Myth # 5 – All debt is bad debt
· The word debt comes with uneasy connotations; however, not all debt is bad. In a nutshell, having “good” debt refers to money that was borrowed to increase your income over time, like student loans, a business loan, or a home mortgage. “Bad” debt, on the other hand, is considered money spent that doesn’t help your financial position, for example credit card debt, personal loans or even an auto loan.ix x
Myth # 6 – It is impossible to know today how much money you will need to retire
· Every year the cost of living and inflation continues to rise, and the market regularly fluctuates. In times of a bullish market, it seems like the market will never turn, but historically speaking, over the past century, the stock market has averaged a return of about 10 percent per year. xi When we were young, our parents encouraged us to save around 10 percent of every paycheck and put the money toward retirement. Today, financial professionals suggest saving 20 percent which includes employer contributions. xii
A helpful way to bust money myths and develop a suitable financial strategy is to consult with a financial professional who can help guide you on your financial journey.
i What Is Portfolio Diversification? – Fidelity
ii Mutual Funds | Investor.gov
iii 2017 Tax Brackets | Center for Federal Tax Policy | Tax Foundation
iv Will you be ready for tax changes in 2026? – Albuquerque Journal (abqjournal.com)
v 12 Questions Retirees Often Get Wrong About Taxes in Retirement | Kiplinger
vi How Retirement Account Withdrawals Affect Your Tax Bracket (investopedia.com) vii Retirement Topics – IRA Contribution Limits | Internal Revenue Service (irs.gov)
viii Can a Person Who Is Retired Continue to Fund an IRA? (investopedia.com)
ix Good Debt vs. Bad Debt: What’s the Difference? (investopedia.com)
x Good Debt Vs. Bad Debt | Types of Debt |credit.org xi What Is the Average Stock Market Return? – NerdWallet
xii How Much of My Paycheck Should I Save? – Buy Side from WSJ
The opinions voiced in this material are for general information only and are not intended to provide specific advice or recommendations for any individual. To determine which investment(s) may be appropriate for you, consult your financial professional prior to investing.
Investing involves risks including possible loss of principal. No investment strategy or risk management technique can guarantee return or eliminate risk in all market environments.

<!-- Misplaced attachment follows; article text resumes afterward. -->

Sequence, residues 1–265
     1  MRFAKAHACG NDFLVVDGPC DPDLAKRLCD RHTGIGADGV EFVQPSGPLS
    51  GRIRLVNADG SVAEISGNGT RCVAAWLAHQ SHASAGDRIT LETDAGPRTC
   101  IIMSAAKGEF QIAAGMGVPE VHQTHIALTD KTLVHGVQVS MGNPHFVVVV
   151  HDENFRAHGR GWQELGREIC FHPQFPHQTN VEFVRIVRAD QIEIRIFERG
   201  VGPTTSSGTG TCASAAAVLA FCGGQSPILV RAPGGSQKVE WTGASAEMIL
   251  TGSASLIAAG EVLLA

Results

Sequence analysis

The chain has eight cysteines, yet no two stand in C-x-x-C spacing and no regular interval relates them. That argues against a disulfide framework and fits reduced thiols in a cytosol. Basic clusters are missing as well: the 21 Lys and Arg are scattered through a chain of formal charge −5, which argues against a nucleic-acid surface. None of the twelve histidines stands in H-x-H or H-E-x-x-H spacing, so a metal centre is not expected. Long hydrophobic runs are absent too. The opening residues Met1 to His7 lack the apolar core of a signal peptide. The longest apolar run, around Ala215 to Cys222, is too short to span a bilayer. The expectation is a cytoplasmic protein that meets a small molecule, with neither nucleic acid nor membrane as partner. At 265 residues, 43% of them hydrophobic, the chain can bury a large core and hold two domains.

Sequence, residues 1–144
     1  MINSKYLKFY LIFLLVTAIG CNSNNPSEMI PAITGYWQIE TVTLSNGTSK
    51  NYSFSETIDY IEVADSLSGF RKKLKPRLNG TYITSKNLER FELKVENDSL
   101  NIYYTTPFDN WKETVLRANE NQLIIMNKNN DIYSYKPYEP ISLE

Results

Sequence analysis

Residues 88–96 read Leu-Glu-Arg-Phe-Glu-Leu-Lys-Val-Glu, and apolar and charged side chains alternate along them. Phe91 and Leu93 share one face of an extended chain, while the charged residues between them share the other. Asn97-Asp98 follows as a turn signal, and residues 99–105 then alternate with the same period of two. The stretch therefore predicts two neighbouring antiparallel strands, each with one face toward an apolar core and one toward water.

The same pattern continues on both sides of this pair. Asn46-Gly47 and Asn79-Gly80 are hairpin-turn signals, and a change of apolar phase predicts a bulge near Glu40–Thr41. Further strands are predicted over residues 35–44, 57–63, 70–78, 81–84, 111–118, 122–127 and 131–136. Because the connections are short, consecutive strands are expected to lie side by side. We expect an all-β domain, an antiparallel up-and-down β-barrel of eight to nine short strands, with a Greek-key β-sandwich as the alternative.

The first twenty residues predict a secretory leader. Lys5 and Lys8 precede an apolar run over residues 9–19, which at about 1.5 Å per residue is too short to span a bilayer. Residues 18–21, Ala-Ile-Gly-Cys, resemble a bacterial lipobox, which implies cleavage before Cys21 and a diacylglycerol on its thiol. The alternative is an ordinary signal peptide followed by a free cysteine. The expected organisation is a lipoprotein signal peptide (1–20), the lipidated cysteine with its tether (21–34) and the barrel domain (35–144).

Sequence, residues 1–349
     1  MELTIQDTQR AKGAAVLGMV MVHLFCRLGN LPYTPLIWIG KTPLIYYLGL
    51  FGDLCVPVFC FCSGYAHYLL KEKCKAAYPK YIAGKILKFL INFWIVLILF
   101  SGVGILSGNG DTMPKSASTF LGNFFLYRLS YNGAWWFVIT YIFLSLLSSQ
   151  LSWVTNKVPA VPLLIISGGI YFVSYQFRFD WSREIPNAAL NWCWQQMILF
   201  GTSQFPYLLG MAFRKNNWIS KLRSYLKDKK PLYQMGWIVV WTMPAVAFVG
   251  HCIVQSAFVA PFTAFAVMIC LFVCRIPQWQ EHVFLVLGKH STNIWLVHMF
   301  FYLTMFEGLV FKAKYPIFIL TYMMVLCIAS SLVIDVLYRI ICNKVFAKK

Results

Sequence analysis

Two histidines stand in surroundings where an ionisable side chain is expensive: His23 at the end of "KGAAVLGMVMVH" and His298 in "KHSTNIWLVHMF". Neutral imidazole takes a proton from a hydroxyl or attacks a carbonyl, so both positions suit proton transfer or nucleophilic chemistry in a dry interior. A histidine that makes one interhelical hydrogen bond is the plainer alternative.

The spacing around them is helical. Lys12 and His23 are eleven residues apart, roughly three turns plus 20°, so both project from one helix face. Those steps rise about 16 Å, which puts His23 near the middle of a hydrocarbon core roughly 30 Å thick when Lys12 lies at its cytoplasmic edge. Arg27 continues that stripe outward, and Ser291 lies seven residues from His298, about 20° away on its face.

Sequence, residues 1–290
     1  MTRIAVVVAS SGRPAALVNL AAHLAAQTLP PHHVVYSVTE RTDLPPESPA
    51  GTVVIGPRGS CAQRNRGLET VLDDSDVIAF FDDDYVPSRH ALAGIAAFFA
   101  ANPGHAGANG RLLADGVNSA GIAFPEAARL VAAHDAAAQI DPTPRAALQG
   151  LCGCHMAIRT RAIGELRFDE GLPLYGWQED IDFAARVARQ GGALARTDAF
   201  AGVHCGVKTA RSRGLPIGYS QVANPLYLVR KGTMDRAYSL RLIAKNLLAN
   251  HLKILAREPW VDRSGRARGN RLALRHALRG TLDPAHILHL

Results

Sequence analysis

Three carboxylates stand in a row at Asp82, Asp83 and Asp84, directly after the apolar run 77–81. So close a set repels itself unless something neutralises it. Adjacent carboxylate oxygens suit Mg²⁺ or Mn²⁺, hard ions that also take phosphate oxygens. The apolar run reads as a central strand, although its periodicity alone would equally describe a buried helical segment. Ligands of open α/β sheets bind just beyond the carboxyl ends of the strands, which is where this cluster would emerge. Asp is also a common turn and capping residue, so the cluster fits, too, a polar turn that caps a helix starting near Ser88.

Past performance is no guarantee of future results.
There is no guarantee that a diversified portfolio will enhance overall returns or outperform a non-diversified portfolio. Diversification does not protect against market risk.
An investment in Exchange Traded Funds (ETF), structured as a mutual fund or unit investment trust, involves the risk of losing money and should be considered as part of an overall program, not a complete investment program. An investment in ETFs involves additional risks such as not diversified, price volatility, competitive industry pressure, international political and economic developments, possible trading halts, and index tracking errors.
Investing in mutual funds involves risk, including possible loss of principal. The funds value will fluctuate with market conditions and may not achieve its investment objective. Upon redemption, the value of fund shares may be worth more or less than their original cost.
Contributions to a traditional IRA may be tax deductible in the contribution year, with current income tax due at withdrawal. Withdrawals prior to age 59 ½ may result in a 10% IRS penalty tax in addition to current income tax.
The Roth IRA offers tax deferral on any earnings in the account. Withdrawals from the account may be tax free, as long as they are considered qualified. Limitations and restrictions may apply. Withdrawals prior to age 59 ½ or prior to the account being opened for 5 years, whichever is later, may result in a 10% IRS penalty tax. Future tax laws can change at any time and may impact the benefits of Roth IRAs. Their tax treatment may change.
This information is not intended to be a substitute for specific individualized tax advice We suggest that you discuss your specific tax issues with a qualified tax advisor.
All information is believed to be from reliable sources; however LPL Financial makes no representation as to its completeness or accuracy.
This article was prepared by LPL Marketing Solutions